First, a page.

Friday, May 13, 2016

Laura

     
         I thought I was a single stone in an ocean so vast that one could never find their way to home. I walked through some fire and some sunlight. I saw some things that people to this day will not believe. I lived a life that was based on doing the things other people would not do. I wasn't happy.

        Until the night the camera's flashed and this beautiful woman held out her hand to dance. That day everything got turned upside down for me. I used to have control. I knew who I was and what women liked and wanted. This girl was something different to me. She made me nervous.

        I was so nervous when I started dating her that I had to make an actual game plan. I bought a new wardrobe (which garnered the dreaded green sweater). I changed my 3-5 day policy to like 18 hours before I called her. I wanted her to like me. I didn't actually believe I was much, but I wanted her to think I was.

        I think she did. Not because I had fooled her, but because she saw something in me. She saw potential. There are very few people at that time that saw potential in me.

        We dated for a year before I proposed. We spent most of that time driving around. On our first date, I took her to the cider mill, then to the train tracks that I used to talk to the homeless in. I gave her a hundred reasons to leave and not look back. She didn't leave...except this one time we broke up for 19 minutes over the phone. She was in my driveway the whole time. We hung up on each other, then in desperation called back. We decided to be together forever and she made the 17 second journey to my door. We have never been separated more than those 17 seconds since.

        She doesn't think much of herself most days. She always underestimates just how beautiful and wonderful she is. I think that is my favorite thing about her. And also my least favorite. She is so humble to let me lead, yet so blind to what she means to this entire world, especially the world living 17 seconds within her reach.

        Today I tried to give my wonderful wife the best birthday she has had because I really appreciate all the hard work she does to keep us all together and happy. At the end of the day, I just felt like writing about her.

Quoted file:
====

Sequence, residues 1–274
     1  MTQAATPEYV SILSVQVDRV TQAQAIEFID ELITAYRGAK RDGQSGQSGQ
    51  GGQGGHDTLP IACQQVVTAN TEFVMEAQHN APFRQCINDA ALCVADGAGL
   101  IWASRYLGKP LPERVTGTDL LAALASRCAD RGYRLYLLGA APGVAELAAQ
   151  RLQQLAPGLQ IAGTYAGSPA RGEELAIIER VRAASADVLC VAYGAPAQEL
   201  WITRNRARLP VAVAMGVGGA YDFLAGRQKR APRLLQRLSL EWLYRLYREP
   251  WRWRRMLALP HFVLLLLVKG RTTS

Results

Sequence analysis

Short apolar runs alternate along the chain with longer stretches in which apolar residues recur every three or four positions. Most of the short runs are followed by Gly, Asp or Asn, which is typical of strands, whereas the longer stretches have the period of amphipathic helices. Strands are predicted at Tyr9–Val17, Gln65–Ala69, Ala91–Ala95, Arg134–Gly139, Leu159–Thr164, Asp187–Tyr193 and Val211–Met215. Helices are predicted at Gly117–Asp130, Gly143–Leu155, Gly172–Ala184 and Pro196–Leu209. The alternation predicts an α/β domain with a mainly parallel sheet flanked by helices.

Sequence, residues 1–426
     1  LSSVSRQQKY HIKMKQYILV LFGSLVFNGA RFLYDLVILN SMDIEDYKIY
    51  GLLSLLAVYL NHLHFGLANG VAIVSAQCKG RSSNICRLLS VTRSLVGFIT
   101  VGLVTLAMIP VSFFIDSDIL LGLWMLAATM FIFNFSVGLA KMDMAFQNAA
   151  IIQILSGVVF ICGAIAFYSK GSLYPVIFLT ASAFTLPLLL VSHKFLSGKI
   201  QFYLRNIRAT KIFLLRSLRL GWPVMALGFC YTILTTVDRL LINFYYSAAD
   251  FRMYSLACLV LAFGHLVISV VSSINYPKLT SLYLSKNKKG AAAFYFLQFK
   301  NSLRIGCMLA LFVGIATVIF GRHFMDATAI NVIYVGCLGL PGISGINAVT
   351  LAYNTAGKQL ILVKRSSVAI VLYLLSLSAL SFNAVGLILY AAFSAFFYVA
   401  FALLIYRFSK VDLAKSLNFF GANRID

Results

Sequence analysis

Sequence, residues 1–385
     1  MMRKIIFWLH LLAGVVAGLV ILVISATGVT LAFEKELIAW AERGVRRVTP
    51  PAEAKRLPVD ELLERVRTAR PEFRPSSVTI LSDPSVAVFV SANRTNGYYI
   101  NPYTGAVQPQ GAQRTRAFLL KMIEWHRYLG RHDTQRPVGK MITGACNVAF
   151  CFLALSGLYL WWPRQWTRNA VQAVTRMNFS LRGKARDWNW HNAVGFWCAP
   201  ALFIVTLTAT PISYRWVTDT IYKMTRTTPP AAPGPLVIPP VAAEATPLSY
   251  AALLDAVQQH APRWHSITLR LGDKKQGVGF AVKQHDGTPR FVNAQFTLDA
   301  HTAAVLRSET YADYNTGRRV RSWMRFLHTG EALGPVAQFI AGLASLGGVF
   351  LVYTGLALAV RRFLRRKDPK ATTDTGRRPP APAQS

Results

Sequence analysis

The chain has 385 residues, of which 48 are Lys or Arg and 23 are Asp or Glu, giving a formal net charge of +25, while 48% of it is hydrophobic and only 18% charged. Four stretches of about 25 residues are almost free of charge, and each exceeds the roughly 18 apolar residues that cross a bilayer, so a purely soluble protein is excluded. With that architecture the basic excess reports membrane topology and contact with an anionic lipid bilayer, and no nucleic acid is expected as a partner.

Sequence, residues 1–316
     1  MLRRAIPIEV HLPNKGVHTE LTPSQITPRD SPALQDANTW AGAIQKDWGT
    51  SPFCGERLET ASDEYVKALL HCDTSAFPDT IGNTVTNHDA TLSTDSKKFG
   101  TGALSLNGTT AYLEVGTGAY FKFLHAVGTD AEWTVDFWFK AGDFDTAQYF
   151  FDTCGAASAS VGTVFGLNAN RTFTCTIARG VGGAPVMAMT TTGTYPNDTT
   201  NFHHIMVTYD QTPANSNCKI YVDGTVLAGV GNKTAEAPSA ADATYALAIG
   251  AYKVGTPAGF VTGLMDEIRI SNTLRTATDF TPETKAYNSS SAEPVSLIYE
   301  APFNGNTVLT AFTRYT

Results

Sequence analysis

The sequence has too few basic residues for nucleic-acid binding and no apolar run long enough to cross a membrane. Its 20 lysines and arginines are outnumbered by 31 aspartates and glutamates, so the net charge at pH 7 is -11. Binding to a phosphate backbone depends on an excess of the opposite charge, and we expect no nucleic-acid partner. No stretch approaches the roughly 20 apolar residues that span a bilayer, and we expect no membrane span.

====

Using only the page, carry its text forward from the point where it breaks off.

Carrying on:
She is my inspiration. She is that voice inside me that tells me to stop underestimating myself. She is the first person to call BS when I am feeling sorry for myself. She is also the first to catch my tears when things have gone badly.

        Laura, happy birthday. Thank you for marrying me. Thank you for Caeden and Aevry. Thank you for watching me struggle and fail and finally succeed. Thank you for being the best woman I've ever known.




Sing.
Migrate.


Thanks for reading...Z

Tuesday, April 19, 2016

Quiet

Oh, but the distance between us. 

Sunday, April 17, 2016

Hope?!?

       
       

        And there is the point where the colors fade out and in and back to darkness. This place when you decide to give up based on everything you have learned from the state of the world; from the awful horror that happens.

But horror happens everywhere.

        There is no escape from the darkness that seems to reign here. Believe in what you want, the world will always turn your stomach.


...

        I believe in God. I believe because I have experienced the joy of hope. Many others haven't. I will never judge. I will be the very last to judge. But if you knew me before, you know me now as a different person. Because I have hope. The single thing that puts light into the eyes of the blind is hope.

        It doesn't matter to me if you agree with me or not, or if you actually hate the message I am sending. It's just my story, and you have yours. It's just my story.

        I was once very unhappy without losing much. I am now very happy having lost much. My hope in God seems to have gotten me somewhere in my life.


Sing.
Migrate.



Thanks for reading...Z

Monday, April 4, 2016

Carving Your Name


        A photograph may be the most important invention for people still living. You get a snapshot in time of a moment that only those involved in the photo can share.  It was a moment that no one may remember, but it was this moment it time that happened and proves you were alive in the mist of our existence.

        When everything else is gone and your existence hasn't been thought of for centuries, someone will eventually pick up that photograph and prove you were here. Someone will know that there was a story to be told here.
...

We carved our names on that tree.





Sing.
Migrate.



Thanks for reading...Z

Sunday, April 3, 2016

They are There and You are Here

       
        The colors flash and the lights dance and everything is art. But those things don't stop reality. I always try to bury really important things in words and cover them up with pictures. I try to make them less because I can't handle more.

        Lately, I've been really ok. I feel better when working the day shift. I'm 75% less lonely. I've been able to go back to church. I've just felt better.